Richest Countries Must Take Bold Steps to Resolve Financial Crisis, Shoulder Their Full Share of Responsibility for Financial System’s Health, Says Secretary-General

17 October 2011

Richest Countries Must Take Bold Steps to Resolve Financial Crisis, Shoulder Their Full Share of Responsibility for Financial System’s Health, Says Secretary-General

17 October 2011
Department of Public Information • News and Media Division • New York

Richest Countries Must Take Bold Steps to Resolve Financial Crisis, Shoulder Their

Full Share of Responsibility for Financial System’s Health, Says Secretary-General

Following is the statement by UN Secretary-General Ban Ki-moon to the 125th Assembly of the Inter-Parliamentary Union, in Bern, 17 October:

Thank you, Mr. President, for your leadership and very kind words about me and the United Nations.  You can count on me in working together with IPU (Inter-Parliamentary Union) in furthering our collaborative relationship and dealing with all global challenges.

Mr. Mayor, thank you very much for your warm welcome and hospitality to this most beautiful city.  You know that the Secretary-General should be very impartial, so I would not say that [Bern is the] most beautiful city, but definitely I am very much impressed by such beauty and eco-friendly policies which you have been leading.

I know that this is your 125th session of IPU and that is a milestone by any standard.  My sincere congratulations to all the members of IPU and distinguished parliamentarians.

The United Nations Charter begins with the words, “We the Peoples”.  That is why, wherever I go, I seek out parliamentarians. 

You represent the peoples’ voice, the peoples’ hopes, and the peoples’ will.

Today, too many of our citizens live in fear.  Too many are paralyzed by uncertainty, angry at their diminished prospects.

Here in Europe, the Governments are grappling with a deep financial crisis.

Around kitchen tables and in public squares, people are asking:

Who will deliver for my family and for my community? 

Governments everywhere are confronting huge budget deficits. 

But the biggest challenge is not a deficit in budget; it is a deficit of trust.

People are losing faith in Governments and institutions to do the right things.

Today, I would like to talk about how we can reduce that trust deficit.

We can do so through concerted and united action — action that shows real understanding of the challenges before us.

In September at the United Nations General Assembly, I set forth my vision of generational opportunities for the way ahead.  I identified a set of generational opportunities to shape the world of tomorrow by the decisions we make, and by the decisions you make today.  All the opportunities to restore the peoples’ trust.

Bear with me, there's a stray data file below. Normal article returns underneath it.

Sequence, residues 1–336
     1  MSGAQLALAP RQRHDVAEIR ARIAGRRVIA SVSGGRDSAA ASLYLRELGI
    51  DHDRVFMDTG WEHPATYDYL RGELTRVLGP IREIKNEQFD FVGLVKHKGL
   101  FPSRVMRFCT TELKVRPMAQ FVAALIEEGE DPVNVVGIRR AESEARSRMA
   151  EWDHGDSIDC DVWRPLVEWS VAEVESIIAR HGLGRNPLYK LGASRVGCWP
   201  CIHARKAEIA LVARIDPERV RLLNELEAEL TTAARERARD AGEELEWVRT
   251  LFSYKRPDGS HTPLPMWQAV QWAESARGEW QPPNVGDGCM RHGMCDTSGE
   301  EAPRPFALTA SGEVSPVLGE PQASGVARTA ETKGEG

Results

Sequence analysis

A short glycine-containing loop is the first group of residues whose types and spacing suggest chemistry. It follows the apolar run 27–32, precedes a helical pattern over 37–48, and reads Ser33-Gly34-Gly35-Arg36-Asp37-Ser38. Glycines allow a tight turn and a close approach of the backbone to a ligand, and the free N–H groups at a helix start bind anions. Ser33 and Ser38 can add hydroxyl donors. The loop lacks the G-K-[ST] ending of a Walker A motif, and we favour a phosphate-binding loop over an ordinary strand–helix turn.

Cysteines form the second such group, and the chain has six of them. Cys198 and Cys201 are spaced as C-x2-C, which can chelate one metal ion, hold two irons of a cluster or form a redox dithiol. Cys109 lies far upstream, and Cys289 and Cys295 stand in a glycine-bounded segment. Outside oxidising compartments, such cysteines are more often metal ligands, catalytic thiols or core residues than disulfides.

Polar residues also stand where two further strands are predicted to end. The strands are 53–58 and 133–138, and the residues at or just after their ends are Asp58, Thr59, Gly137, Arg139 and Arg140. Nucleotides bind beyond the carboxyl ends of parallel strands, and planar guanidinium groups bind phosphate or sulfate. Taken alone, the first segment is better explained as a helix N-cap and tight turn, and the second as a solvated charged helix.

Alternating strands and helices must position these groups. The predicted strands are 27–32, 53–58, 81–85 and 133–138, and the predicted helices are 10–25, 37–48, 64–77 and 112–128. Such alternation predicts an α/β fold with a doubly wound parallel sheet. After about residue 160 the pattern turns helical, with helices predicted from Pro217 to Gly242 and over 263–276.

Let me briefly touch on three of the most immediate pertinent issues.

First, sustainable development — the United Nations top priority for the coming years. 

Before the end of this month, the international community will welcome the 7 billionth child of our global family.

That underscores what I call the 50-50-50 challenges.  In the first fifty years of this century, the earth’s population will increase by 50 per cent.  By that time, we must reduce green house gas emissions by 50 per cent.  By that time, we will see 7 billion people will be living in the big cities, which will create large problems unless we are prepared. 

As we look to next year’s United Nations’ Conference on Sustainable Development in Rio de Janeiro, I count on you — parliamentarians everywhere — to help drive progress.

In an era of fiscal austerity, we must be sure our solutions are real solutions — that they make a measurable difference in the daily lives of real people.  And we must do that with the most efficient and effective use of our scarce resources.

That means connecting the dots between climate change, food crises, water scarcity, global health issues, women empowerment and energy shortages.  Solutions to one problem must be solutions to all.

The world’s developing economies are a vital source of global dynamism.  With a new emphasis on sustainable development, we can lock-in that dynamism for future generations.

A second way we can reduce the trust deficit — by standing together for democracy, human rights and peace.

This was a year of remarkable advances in terms of fundamental principles of democracy.  We heard the peoples’ call — in Côte d’Ivoire, South Sudan, in the Middle East and North Africa.

Now, we must do our utmost to help those people, so that they can realize their genuine aspirations for a greater freedom, greater freedom of assembly and expression, and greater participatory democracy.  Now we must help them so that they can realize this transition [in a] peaceful way. 

And we must put due emphasis on preventive diplomacy to preserve peace and build healthy democracies elsewhere.